As the 20th century got well underway, who was more radical, Pablo Picasso in Paris, or Joseph Christian Leyendecker in New York?
I asked myself that as I toured “Under Cover: J.C. Leyendecker and American Masculinity,” a fascinating show at the New-York Historical Society. In a score of paintings and countless magazine pages, it gives a compact survey of Leyendecker’s work across the first three decades of the last century, as one of this country’s celebrity illustrators.
His calling card was male beauty: Jazz Age youths in their finest finery populate his ads for shirts and starched collars; athletic collegians grace his covers for the weeklies.
Picasso did amazing things to the surface of his pictures that Leyendecker’s crisp realism couldn’t match. But just because Picasso’s radicalism was visible right there on that surface, it was easy to take steps to avoid it.
Whereas Leyendecker’s wildly successful illustrations were simply unavoidable. In 1908, a popular magazine felt it worth reporting that, at 34, Leyendecker was booked 12 months in advance and charged the vast sum of $350 for one commercial illustration — what an ordinary worker might have earned in a year.
That meant a large part of the public had no choice but to encounter the radical idea that hid under the traditional surfaces of his imagery: that two elite men could be in love, or in lust, and might even be the happiest of long-term couples.
Those with the will to see could not have missed the possibility that romance is budding, or maybe already blooming, between the two square-jawed hunks in Leyendecker’s 1920s ad for Kuppenheimer menswear. One man is immaculately dressed in gray suit and boater, the other at ease beside him in a one-piece swimming costume.
Contemplating the two men in an ad for Arrow collars, lounging of a morning in an Ivy League club, it takes just the smallest skip of the imagination to think that Leyendecker introduces them to us as mere bosom buddies only because it would be rude to tell some more explicitly amorous story.
Even in the Jazz Age, when homophobia was less aggressive than it later became, to offer up such scenarios to the mainstream was more outrageous — more silently, secretly outrageous — than anything Cubism’s show-offs could propose. I think of Leyendecker’s art as a Trojan horse that released a gay fifth column into American culture, undermining the majority’s straight erotics in preparation for the uprising that came in 1969 outside the Stonewall Inn.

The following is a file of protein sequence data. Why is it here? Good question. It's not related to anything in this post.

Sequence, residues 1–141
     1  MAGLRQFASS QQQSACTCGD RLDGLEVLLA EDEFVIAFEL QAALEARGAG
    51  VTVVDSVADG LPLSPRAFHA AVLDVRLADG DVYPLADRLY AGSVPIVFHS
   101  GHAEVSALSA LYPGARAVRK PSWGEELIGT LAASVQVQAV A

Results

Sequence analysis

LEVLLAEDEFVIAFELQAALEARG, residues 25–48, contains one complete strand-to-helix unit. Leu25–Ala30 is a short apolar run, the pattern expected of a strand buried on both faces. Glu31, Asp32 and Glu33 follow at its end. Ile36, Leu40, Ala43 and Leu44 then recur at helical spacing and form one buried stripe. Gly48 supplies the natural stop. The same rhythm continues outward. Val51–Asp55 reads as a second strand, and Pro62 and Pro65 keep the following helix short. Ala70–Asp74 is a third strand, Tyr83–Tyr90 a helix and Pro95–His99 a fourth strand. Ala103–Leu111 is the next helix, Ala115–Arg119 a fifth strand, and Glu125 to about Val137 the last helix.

Dan Guadagnolo, one of several scholars studying Leyendecker’s queer culture, has written about how the illustrator “generated commercial appeal among normative men while simultaneously offering a novel vision of middle-class white queer masculinity for those who might experience same-sex desire.” Queer identities had barely begun to jell in Leyendecker’s era; his images helped a nascent gay culture imagine itself folded into the American power structure, however remote that reality might still have been. After Leyendecker took up with his life-partner, Charles Beach — who modeled in that bathing suit and for many other ads — he felt the need to withdraw from public life into the privacy of the mansion his works had bought them.
Norman Rockwell, 20 years younger than Leyendecker and eventually his neighbor, writes quite brutally in his memoir about how Beach had “insinuated” himself into Leyendecker’s life and especially about the duo’s social withdrawal once he had. Leyendecker told Beach to burn his papers and art upon his death, in 1951, but luckily a few of the pictures were spared.
Leyendecker painted those pictures with all the bravura of a great society portraitist — of a Gilbert Stuart or a John Singer Sargent — but with every gorgeous lick of paint magnified and exaggerated so it would come through even in reproduction on the printed page. That showy technique was faux-conservative camouflage, I think, for the defiant message hidden beneath.
Most members of the American mainstream might have been too blinkered to recognize that defiance. But I can’t shake a mental image of the artist and Beach at ease in their mansion, reveling in their ads’ secret subversion. As a gay couple, how could they not have recognized it in the male duos so lovingly portrayed? There’s one case where the subversion was barely hidden at all: In an ad for Ivory Soap, the shadow Leyendecker placed on his model’s crotch seems clearly to hint at an erection, according to an exhibition wall text. You can’t unsee it once it gets pointed out.
Leyendecker’s queer daring could have played a role in his market success. The gorgeous young Ivy Leaguers in his ads seem the epitome of privilege — more privileged, certainly, than the working stiffs actually meant to buy the clothing being pitched. And what could have been a greater sign of privilege than the freedom to love anyone you fancied, of any gender? Choose an Arrow collar, those ads imply, and you’ll soon have the same power to make choices as the elites.
Just what’s being chosen is beside the point: Many American men might have been horrified at the idea of sleeping with another man. But Leyendecker’s imagery gets at the very idea of untrammeled choice. You might say that imagery stands, subliminally, for the unending options that American capitalism had started to offer consumers.
Compared to the freedom that Leyendecker puts on the table, Picasso’s preference for facets and angles hardly counts as all that unfettered.
Under Cover: J.C. Leyendecker and American Masculinity
Through Aug. 13 at the New-York Historical Society, 170 Central Park West, Manhattan; (212) 873-3400; nyhistory.org.